In the meantime, I’d love to share a few positive things about E~. He celebrated a big birthday recently. E~ is now a teenager. E~’s a really neat teenager. He even suggested recreating a baby picture.

Ethan 04-06-02IMG_9238

I couldn’t convince him to wear just a diaper for the recreation, but then, you can’t have everything 😉

He also is a nice friend. For his birthday he invited 6 friends over for pizza & s’mores. E~ has nice friends, but most of them are either oldests or only’s. All the alpha males can make for a long night of arguing. I figured we could suffer through it for a couple of hours. E~ struggled with inviting one of his friends, Amos. Amos is on the autism spectrum. Amos is a nice kid but he can be a little deep – one of the conversations he started after practice was what if the Earth had no gravity but if people were their own gravity. That’s a normal conversation starter from Amos. Amos was in our cross country carpool & E~ was hoping to invite all of them to his party. But he wasn’t sure about Amos. When pressed, he said not all of his friends liked Amos. I countered that it didn’t really matter if his friends liked Amos, if E~ liked Amos, then that should be good enough for E~’s friends. E~ invited Amos. Amos was very excited, which confirmed for E~ that he had done the right thing. His party rolled around & the first guest to arrive is Moe. I was putting some things together in the kitchen & overheard Moe grilling E~ about who else was coming. Moe was not thrilled by 2 of the guests, one of which was Amos. I was so proud of E~ when he stood up to Moe & told him that if he didn’t like Amos, that was fine, but if he thought he couldn’t be nice to Amos, than Moe was welcome to leave*. Moe stayed & a good time was had by all.

One last thing. E~ really enjoyed cross country. So much so that he decided to run at the state meet even though none of his friends were running. It meant more practice & an early morning drive to Capital City, but he was excited to go. I’m so glad he did. It was a great course – very reminiscent of Princeton (for the two of you who ran for my high school, you will immediately visualize the woods & the sandy/muddy trail & the tight, tight course). The course was narrow, through the woods & up & down some great hills. It was perfect running weather too. Cloudy & cool. E~ had a great race. I’m not sure if it was his PR or not, but he looked comfortable & he had a great sprint into the chute.

IMG_0941

A leisurely race through the prairie

I am going to miss cross country. E~ is already looking forward to track.

K~

*not E~’s exact words, but you get the gist of the conversation.

Being Honest

22 Oct

I hope this surprises none of my faithful readers, but I am not perfect. I have many, many shortcomings. I could list them, but the kids will be home in a couple of hours & I hate to be on the computer when they are walking in the door.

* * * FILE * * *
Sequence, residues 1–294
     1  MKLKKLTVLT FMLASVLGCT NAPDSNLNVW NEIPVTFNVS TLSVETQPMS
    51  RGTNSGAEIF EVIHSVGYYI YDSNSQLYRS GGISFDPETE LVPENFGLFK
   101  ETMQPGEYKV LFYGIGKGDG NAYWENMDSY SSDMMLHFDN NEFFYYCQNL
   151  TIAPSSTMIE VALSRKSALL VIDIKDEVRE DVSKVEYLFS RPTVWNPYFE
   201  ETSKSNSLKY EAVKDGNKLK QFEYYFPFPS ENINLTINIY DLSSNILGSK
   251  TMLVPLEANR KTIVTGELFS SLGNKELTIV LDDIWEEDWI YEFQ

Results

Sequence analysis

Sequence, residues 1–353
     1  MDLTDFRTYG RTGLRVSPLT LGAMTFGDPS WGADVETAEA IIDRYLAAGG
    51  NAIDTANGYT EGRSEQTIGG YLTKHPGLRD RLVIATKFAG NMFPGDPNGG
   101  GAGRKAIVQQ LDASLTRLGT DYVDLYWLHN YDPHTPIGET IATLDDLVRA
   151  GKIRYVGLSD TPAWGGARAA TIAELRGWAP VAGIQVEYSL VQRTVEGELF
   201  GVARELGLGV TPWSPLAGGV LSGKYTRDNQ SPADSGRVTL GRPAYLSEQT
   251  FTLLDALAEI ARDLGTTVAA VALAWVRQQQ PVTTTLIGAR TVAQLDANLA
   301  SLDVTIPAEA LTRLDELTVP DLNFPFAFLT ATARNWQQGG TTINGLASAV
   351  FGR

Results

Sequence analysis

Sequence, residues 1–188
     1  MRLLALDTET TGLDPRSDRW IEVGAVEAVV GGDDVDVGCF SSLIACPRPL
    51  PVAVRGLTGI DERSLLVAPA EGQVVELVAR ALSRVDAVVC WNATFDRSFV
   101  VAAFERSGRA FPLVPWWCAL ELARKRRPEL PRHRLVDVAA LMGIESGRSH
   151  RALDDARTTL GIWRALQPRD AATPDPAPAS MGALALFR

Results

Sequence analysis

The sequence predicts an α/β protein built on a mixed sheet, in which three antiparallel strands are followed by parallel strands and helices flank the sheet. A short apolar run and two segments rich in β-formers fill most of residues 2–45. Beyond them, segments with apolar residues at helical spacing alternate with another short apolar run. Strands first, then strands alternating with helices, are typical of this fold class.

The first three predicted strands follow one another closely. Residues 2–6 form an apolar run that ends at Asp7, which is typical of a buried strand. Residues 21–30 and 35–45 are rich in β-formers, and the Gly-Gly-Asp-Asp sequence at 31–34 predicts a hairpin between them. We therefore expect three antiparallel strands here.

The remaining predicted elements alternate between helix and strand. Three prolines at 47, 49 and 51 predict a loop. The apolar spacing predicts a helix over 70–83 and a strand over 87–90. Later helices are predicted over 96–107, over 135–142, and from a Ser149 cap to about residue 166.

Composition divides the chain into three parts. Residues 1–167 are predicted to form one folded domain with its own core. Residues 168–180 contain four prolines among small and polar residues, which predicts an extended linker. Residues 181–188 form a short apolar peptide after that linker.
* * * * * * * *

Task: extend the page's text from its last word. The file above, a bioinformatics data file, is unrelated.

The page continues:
I firmly believe I was blessed with my kids because there was something about me that they need & something about them that I need. I don’t mean that in a ‘you complete me’ way – that movie annoys me. But I certainly don’t think it’s random that my children are my children.

That being said, I fail them. Daily. But I think because I care about my parenting & I question myself means I’m not a complete failure. Lately, though it’s been hard to see the successes past the failures.

This has been a hard Fall. I don’t know if it’s because our summer was so weird or it’s their ages or the lack of a dog or any number of reasons, but the kids have gone off the rails. We are working our way back but it has not been easy. So I’m going to be honest with you about what we’ve been dealing with.

This is not our first rough spot & more than anything, I find knowing you are not alone is of monumental importance. I sometimes think there is nothing so isolating when you are in the weeds of a crisis than yourself. I like to put on a brave face & pretend everything is just fine. But inside I wish I could just be honest. Brutally honest. Parenting is hard work and when we pretend it’s not, we are doing a disservice to ourselves & to the people around us. I’m not advocating always putting it all out there, but I sincerely hope you have at least one friend who you can confide in when the wheels come off the bus. I have been amazed by the response when I share some of the struggles we’ve been facing. It’s nice to know we don’t swim up these streams alone. We have some great company.

I am not going to password protect the following posts. This is really hard for me. Some of the people who read the blog, I’d rather they didn’t. But I can’t control that. I also can’t control their reaction to the following posts. People will judge & that’s natural. It’s also petty & annoying. One of my kids is starting to develop real empathy. It’s a wonderful attribute & one I hope most of you will use when reading the next few posts.

K~